Kraft Deserves Patriots Fan Support
by Sheilla Dingus
May 11, 2016
Last week I re-tweeted a Quick Slants clip by Tom Curran of CSNNE in defense of Robert Kraft. Shortly thereafter, both the journalist and I came under a swift and lengthy attack from a supposed Patriots fan who felt that Kraft had betrayed the team. This “fan” was so rabid in his attacks that he actually forgot the journalist’s twitter handle at some point and began trolling a totally unrelated person. Later that day I learned that a friend who had re-tweeted the same piece had come under attack from a different Twitter user.
To me, this animosity toward Kraft from within Patriot Nation is illogical and uncalled for. The sustained success of the team trickles from the top down. I’ve never heard a New England Patriots player speak against Robert Kraft, but I’ve heard a lot of love expressed. Kicker Stephen Gostkowski had this to say:
“Mr. Kraft has been around a lot ever since I’ve been here and it can be intimidating being around a guy who’s got so much. But he comes off as a normal guy. He’ll come up to you, he called my wife when she had a surgery, sent me a baby gift when I had a baby. He’s just a great guy. They preach family around here and it starts with him. As crazy as it is in this business with people getting cut and traded, and year-in and year-out people going different places, they do a really good job of making us feel welcome while we’re here because we’re here a lot of the time and I think most of that credit should go to Mr. Kraft.”
Tom Brady attributes much of the team’s success to Kraft’s influence:
“It’s obviously a huge impact on our team and our organization, his expectations for us and how he sets the tone for us. He sits in almost every squad meeting that we have [and] I think he’s always got a pulse for how the team is doing, how the coaches feel about the particular week, how the players are feeling. He’s always involved, so I would say he’s very hands on. He used to come out to practice a lot more, but not as much lately. So, yeah, he really sets the tone for us.”
I feel it’s important to know that Kraft was a Patriots fan long before he bought the team. It took him over a decade of patience and skillful maneuvering to achieve that goal, but he never gave up, and when he finally did buy the team for the unprecedented price of $172 million, he vowed to bring a championship team to New England. And he delivered.
During the team’s first 33 years of existence, they made it to the Super Bowl once. Due in large part to Kraft’s decision making and the hiring of a coach by the name of Bill Belichick, the team has made seven Super Bowl appearances, winning four in his 22 year tenure. Yet, some fans feel this is a man who would sell out his team. I beg to differ.
While some people believe Kraft “rolled over” and put the other 31 owners ahead of his team when he accepted Roger Goodell’s punishment related to the Deflategate debacle, I feel the evidence leads to a different conclusion.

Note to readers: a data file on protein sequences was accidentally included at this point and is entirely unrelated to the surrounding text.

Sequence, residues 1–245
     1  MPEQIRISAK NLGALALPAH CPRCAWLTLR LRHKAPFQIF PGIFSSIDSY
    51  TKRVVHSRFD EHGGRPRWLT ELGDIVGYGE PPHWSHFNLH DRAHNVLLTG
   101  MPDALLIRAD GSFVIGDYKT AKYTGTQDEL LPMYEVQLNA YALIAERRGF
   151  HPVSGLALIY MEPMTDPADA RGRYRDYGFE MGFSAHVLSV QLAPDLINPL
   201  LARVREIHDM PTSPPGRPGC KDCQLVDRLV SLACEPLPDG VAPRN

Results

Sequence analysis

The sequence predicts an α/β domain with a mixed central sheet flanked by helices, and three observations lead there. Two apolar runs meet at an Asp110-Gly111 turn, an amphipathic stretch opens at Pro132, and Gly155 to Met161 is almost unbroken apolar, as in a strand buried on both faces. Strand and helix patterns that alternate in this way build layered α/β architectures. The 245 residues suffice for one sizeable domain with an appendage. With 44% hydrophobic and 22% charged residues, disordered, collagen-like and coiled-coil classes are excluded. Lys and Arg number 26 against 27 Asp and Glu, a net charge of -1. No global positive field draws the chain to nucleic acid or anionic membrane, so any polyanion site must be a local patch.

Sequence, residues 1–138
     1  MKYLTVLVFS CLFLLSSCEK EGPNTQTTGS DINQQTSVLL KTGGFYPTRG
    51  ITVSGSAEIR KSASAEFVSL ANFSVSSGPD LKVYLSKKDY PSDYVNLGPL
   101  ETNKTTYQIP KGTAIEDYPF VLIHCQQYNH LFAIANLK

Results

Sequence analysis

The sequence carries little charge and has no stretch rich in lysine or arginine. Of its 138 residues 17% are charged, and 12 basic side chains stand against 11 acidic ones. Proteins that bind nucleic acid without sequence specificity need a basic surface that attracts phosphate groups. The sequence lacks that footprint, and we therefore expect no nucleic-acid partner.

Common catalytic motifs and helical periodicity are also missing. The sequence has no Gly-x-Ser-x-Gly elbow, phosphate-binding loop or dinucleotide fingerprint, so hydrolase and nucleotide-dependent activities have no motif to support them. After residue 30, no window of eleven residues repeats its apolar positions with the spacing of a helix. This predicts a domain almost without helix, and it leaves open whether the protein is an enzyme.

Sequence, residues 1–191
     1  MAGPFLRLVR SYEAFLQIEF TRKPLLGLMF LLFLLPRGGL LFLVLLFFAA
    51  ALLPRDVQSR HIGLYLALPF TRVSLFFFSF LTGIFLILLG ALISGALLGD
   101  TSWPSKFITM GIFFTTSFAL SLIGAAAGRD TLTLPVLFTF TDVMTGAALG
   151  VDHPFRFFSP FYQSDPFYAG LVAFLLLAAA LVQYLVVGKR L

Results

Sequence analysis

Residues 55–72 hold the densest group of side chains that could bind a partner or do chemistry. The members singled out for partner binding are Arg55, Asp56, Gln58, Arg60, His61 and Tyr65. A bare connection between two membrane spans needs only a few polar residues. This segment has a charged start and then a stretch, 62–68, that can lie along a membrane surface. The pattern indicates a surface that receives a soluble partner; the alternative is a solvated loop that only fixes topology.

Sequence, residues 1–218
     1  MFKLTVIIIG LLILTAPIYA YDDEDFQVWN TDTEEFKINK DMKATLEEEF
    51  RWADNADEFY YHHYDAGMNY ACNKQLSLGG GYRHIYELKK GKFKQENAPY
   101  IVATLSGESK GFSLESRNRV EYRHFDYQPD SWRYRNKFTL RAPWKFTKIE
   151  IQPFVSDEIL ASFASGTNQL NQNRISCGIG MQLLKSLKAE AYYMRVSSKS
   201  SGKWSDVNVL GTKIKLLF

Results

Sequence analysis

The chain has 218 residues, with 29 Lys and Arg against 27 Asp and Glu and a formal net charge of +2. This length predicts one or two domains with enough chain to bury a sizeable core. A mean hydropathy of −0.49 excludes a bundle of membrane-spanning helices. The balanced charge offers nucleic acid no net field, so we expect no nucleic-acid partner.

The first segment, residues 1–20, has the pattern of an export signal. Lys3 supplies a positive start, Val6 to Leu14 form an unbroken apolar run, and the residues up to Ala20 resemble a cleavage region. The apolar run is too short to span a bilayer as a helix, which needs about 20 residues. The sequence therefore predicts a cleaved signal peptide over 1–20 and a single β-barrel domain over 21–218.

In Article 3.11(C) of the NFL Constitution, pictured above, Kraft is bound to release the Commissioner and the League from legal action including lawsuits, and while some would argue that other owners have brought suit against the NFL, it wasn’t done without the support of at least a few of the other owners.
Some have argued that Kraft should have made a show, even if futile, when the punishments were imposed, but he made the difficult decision to try and appease the league in order to protect his quarterback, hoping his decision would pave the way for the suspension to be dropped. We all know how that turned out, but who among us has never made a decision based on a belief that fairness would prevail when it didn’t? Less that 24 hours after the League refused to remove the suspension, Robert Kraft released the following statement:
“Back in May, I had to make a difficult decision that I now regret. I tried to do what I thought was right. I chose not to take legal action. I first and foremost need to apologize to our fans, because I truly believe what I did in May, given the actual evidence of the situation and the league’s history on discipline matters, would make it much easier for the league to exonerate Tom Brady. Unfortunately, I was wrong. I have come to the conclusion that this was never about doing what was fair and just. The decision handed down by the league yesterday is unfathomable to me. It is routine for discipline in the NFL to be reduced upon appeal. In the vast majority of these cases, there is tangible and hard evidence of the infraction for which the discipline is being imposed, and still the initial penalty gets reduced. Six months removed from the AFC championship game, the league still has no hard evidence of anybody doing anything to tamper with the psi levels of footballs. For reasons that I cannot comprehend, there are those in the league office who are more determined to prove that they were right rather than admit any culpability of their own or take any responsibility for the initiation of a process and ensuing investigation that was flawed.”
Weei reported, that “he continued to go hard at the league, calling it out for never disputing the inaccurate report from ESPN that served as the spark in all of this. He ultimately pointed a finger at the rest of the NFL.” Kraft concluded his statement with: